Chess opening e-books

Archived from groups: rec.games.chess.computer,rec.games.chess.misc (More info?)

Has anybody here subcribed to the services at
http://www.chesspublishing.com?

I was thinking of purchasing a subscription. What do you think of it?
Are their e-books any good?

It also seems that you need special software to see the ebooks they
provide. Can you download the ebooks and still use them if you don't renew?


Thanks,
Gilles
3 answers Last reply
More about chess opening books
  1. Archived from groups: rec.games.chess.computer,rec.games.chess.misc (More info?)

    I used to subscribe but I no longer. My problem with the sites is they don't
    really provide a repertoire. It's more of a theory site where you see
    topical games in various openings. At least that's the way it was 3 years
    ago.

    "Gilles Roy" <groy@gmail.com> wrote in message
    news:OjDne.28040$_r1.924224@news20.bellglobal.com...
    >
    > Has anybody here subcribed to the services at
    > http://www.chesspublishing.com?
    >
    > I was thinking of purchasing a subscription. What do you think of it? Are
    > their e-books any good?
    >
    > It also seems that you need special software to see the ebooks they
    > provide. Can you download the ebooks and still use them if you don't
    > renew?
    >
    >
    > Thanks,
    > Gilles
  2. Archived from groups: rec.games.chess.computer,rec.games.chess.misc (More info?)

    They currently provide 77 e-books in pdf, some of them (28) are also available in cbv, but cbv updates are not as frequent, as for pdf.
    Most pdf e-books are updated monthly, depending on the specific variation popularity.
    Also they provide important games in pgn with very good text comments. Currently, there are 10239 games in their database. As for me, pgn is the most valuable part.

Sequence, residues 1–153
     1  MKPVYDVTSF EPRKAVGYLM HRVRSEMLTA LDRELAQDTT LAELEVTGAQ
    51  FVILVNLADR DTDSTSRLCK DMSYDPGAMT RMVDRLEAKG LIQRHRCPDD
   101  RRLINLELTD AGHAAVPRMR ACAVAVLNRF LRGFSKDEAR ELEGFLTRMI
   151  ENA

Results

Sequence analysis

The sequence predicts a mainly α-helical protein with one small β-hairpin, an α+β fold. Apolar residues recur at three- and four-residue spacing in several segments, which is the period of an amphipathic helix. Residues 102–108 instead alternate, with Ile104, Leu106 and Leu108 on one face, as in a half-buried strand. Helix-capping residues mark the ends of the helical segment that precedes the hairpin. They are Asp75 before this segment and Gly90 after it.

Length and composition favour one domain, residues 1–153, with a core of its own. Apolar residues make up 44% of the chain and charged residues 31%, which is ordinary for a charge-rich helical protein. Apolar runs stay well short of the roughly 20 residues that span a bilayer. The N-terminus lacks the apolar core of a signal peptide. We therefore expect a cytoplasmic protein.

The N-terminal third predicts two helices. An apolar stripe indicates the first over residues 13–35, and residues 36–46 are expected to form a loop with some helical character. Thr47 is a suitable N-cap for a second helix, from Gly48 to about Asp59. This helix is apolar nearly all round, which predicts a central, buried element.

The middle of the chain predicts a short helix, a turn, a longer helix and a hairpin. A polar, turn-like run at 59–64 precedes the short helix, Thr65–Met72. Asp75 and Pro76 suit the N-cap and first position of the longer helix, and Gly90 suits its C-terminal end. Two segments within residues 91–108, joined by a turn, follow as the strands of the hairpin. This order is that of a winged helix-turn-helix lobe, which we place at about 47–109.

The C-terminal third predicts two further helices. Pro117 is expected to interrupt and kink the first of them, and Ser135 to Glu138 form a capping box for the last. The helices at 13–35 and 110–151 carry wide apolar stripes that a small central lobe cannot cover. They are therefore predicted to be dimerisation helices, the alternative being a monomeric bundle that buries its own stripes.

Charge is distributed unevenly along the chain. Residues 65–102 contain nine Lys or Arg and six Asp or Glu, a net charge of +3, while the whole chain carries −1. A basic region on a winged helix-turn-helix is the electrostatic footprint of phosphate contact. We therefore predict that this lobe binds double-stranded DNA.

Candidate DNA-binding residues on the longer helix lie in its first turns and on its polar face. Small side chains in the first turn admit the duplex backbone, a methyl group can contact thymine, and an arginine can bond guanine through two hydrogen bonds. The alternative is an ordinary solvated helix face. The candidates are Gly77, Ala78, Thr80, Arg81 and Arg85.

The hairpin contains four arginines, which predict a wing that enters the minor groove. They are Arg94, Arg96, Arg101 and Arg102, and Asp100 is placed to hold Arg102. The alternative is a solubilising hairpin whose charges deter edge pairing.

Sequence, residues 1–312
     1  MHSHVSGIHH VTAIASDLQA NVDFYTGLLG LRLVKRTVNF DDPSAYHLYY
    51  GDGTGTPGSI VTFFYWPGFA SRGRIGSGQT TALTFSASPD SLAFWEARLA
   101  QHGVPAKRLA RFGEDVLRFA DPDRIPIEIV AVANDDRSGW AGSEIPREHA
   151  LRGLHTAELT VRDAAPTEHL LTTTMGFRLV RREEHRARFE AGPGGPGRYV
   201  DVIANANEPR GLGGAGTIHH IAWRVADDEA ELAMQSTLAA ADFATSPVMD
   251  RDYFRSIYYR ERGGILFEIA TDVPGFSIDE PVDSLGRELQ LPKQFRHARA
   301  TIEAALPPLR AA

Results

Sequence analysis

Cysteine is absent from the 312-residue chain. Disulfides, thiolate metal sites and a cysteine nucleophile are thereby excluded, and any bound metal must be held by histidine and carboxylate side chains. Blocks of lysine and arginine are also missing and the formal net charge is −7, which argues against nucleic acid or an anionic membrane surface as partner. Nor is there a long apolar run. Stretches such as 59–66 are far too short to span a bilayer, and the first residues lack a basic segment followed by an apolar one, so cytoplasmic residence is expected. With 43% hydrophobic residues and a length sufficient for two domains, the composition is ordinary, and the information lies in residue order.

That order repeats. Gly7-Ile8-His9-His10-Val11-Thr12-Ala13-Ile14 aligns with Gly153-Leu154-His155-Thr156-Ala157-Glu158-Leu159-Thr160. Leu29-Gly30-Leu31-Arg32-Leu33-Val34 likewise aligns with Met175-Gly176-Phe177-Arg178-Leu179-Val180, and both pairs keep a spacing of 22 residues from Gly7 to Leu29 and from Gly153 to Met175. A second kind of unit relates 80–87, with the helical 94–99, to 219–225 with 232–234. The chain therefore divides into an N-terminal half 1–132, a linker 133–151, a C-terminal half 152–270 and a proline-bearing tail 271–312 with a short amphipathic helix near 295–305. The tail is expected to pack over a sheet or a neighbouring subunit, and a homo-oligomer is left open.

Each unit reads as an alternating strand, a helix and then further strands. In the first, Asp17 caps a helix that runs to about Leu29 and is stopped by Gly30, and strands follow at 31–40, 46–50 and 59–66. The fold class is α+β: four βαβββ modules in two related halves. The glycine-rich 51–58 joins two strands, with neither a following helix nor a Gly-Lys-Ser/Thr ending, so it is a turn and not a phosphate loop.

The special software is needed only to search and download the games. I usually download all games at least monthly, and use CB or CA for analysis.

    IMHO, if you are not Master and are serious about chess, ChessPublishing subscription on your favorite openings can be worth money you spend.
    Compared to CBM, you are guarantied to get a compilation of all novelties for (popular) openings you play without any garbage.
    CI and NIC YB are more complete, but not as frequent as ChessPublishing, and chesspublishing text comments are much easier to understand compared to CI evaluations.

    If you prefer electronic sources, CP + CI is the best combo for openings theory, and if you prefer printed material, you can choose between CP + CI or CP + NIC YB, or even all 3 of them.
    CBM and TWIC are also good, but their openings reviews are not that regular and you can't count on them if you need the current teory state.

    Regards,
    Vlad
    >
    > Has anybody here subcribed to the services at
    > http://www.chesspublishing.com?
    >
    > I was thinking of purchasing a subscription. What do you think of it?
    > Are their e-books any good?
    >
    > It also seems that you need special software to see the ebooks they
    > provide. Can you download the ebooks and still use them if you don't renew?
    >
    >
    > Thanks,
    > Gilles
  3. Archived from groups: rec.games.chess.computer,rec.games.chess.misc (More info?)

    Vladyslav Kosulin wrote:
    > They currently provide 77 e-books in pdf, some of them (28) are also
    > available in cbv, but cbv updates are not as frequent, as for pdf.
    > Most pdf e-books are updated monthly, depending on the specific
    > variation popularity.
    > Also they provide important games in pgn with very good text comments.
    > Currently, there are 10239 games in their database. As for me, pgn is
    > the most valuable part.
    > The special software is needed only to search and download the games. I
    > usually download all games at least monthly, and use CB or CA for analysis.
    >

    Thanks for the information!

    Regards,
    Gilles
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